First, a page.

A few days ago we were talking about Pyston 2.2, an implementation of Python 3.8.8 that promised to be up to 30% faster than Python on web servers, according to benchmarks measured by its creators. According to its creator Kevin Modzelewski, Pyston removes "many of the little-used debugging features that Python supports."
Now Guido van Rossum, creator of Python, which has long been the most popular programming language by various metrics, says that want to make their creation twice as fast. Despite its popularity, it is not even a small matter, since this "slowness" is causing implementations like Pyston to emerge, or not being an alternative in many cases to C ++ due to speed needs.
The programmer career in 2017 and in the future (with Javier Santana)
We will have to wait for Python 3.11 to see if the speed improves
As pointed out in ZDNet, Python 3.11 will be the version that will bring the changes that Guido van Rossum talks about. To do this, as they explain, we will have to wait for the pre-alpha of Python 3.11.0, which is expected in May 2022. For the pre-release version, however, we will have to wait three years, to 2024. With the 3.11 branch, two other versions will coincide in development, such as 3.10 and 3.9.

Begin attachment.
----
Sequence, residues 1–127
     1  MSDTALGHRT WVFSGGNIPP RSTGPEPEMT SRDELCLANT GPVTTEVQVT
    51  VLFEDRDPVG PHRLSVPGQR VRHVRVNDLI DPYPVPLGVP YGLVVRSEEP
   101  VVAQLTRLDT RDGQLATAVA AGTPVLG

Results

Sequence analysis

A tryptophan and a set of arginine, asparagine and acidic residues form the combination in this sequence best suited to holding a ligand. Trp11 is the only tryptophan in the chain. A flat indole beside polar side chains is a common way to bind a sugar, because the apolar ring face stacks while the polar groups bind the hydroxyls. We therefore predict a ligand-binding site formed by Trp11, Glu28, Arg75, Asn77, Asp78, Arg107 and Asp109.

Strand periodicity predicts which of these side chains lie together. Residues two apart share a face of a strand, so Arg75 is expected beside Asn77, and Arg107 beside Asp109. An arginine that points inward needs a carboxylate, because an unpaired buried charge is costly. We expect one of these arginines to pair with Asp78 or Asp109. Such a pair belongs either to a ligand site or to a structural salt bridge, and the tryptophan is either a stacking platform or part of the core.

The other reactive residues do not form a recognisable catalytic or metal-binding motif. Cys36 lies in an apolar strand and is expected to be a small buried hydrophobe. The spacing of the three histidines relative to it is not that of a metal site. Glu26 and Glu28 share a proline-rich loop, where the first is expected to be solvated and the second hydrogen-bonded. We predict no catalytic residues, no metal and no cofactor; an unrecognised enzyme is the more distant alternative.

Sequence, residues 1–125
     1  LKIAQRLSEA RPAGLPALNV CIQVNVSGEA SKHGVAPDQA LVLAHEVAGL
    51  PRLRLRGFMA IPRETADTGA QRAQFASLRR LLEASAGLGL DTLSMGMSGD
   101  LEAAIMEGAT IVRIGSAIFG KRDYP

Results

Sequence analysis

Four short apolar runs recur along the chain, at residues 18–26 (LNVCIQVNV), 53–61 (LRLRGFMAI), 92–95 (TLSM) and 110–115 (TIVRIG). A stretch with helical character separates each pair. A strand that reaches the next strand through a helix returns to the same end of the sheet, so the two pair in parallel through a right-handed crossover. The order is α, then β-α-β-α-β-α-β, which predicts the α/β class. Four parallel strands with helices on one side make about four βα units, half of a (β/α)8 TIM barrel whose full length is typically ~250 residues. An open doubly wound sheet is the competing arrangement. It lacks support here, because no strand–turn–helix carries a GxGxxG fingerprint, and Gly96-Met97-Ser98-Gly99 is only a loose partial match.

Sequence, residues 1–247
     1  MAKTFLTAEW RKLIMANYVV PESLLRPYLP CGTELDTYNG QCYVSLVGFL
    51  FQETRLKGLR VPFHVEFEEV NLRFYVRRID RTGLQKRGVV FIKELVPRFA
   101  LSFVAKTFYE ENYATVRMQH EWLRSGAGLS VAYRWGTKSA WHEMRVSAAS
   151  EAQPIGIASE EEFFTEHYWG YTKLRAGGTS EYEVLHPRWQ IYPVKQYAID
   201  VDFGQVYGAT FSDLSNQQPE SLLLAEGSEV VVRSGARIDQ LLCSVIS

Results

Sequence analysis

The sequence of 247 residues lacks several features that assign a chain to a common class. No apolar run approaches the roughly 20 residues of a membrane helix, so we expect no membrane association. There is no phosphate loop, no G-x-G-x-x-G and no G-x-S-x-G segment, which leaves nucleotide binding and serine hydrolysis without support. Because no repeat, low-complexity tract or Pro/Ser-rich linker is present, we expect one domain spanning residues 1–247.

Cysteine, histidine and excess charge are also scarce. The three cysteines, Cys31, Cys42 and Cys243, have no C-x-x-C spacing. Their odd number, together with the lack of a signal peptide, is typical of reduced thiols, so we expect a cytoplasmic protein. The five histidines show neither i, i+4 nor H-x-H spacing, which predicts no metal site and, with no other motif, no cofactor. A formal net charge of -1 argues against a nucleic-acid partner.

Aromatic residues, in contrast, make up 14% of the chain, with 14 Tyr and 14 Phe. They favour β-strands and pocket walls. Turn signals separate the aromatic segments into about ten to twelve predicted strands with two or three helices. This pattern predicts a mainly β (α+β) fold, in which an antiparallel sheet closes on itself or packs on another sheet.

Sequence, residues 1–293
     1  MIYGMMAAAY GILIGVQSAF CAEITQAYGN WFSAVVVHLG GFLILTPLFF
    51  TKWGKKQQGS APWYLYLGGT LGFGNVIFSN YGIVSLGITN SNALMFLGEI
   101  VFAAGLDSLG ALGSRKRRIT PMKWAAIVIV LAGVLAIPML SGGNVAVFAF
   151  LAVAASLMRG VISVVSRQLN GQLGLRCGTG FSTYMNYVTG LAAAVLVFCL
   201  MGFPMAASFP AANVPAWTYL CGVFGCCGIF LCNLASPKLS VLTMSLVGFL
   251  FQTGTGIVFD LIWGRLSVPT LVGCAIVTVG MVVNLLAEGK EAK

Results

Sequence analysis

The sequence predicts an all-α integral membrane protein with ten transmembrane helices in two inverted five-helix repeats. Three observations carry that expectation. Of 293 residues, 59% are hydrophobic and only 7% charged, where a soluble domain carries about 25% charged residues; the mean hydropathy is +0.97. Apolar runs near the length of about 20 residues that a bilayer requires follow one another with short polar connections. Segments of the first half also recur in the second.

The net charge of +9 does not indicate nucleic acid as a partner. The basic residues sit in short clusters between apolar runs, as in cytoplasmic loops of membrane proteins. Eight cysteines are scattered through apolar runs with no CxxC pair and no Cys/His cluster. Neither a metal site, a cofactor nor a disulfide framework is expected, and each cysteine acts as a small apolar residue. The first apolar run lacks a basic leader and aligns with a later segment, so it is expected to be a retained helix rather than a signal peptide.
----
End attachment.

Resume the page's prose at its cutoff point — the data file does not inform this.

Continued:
Currently, van Rossum is working on Python, but from within Microsoft, where he arrived after "getting bored" with his retirement. This generated some controversy, but it has served to Microsoft Contributes $ 150,000 Sponsorship to the Python Ecosystem for the Python Software Foundation (PSF) this year.
The Microsoft team dedicated to Python development is made up of van Rossum, but also Eric Snow and Mark Shannon. All three collaborate with Python developers, and they do not raise forks that give headaches to the community.
In his presentation on working on CPython, he claims to be far from being able to assure that they will get to double the speed by twice, but they are optimistic. This happens, according to the creator of the language, for not breaking stable ABI compatibility, or breaking limited API compatibility ", as well as a bet so that the code remains" maintainable ".
Those who will benefit most, according to van Rossum, will be users of intensive tasks based on pure Python code, users of websites made with Python, and users of tools that use Python, so that, if they arrive, the improvements would be far from being only on the developers' side.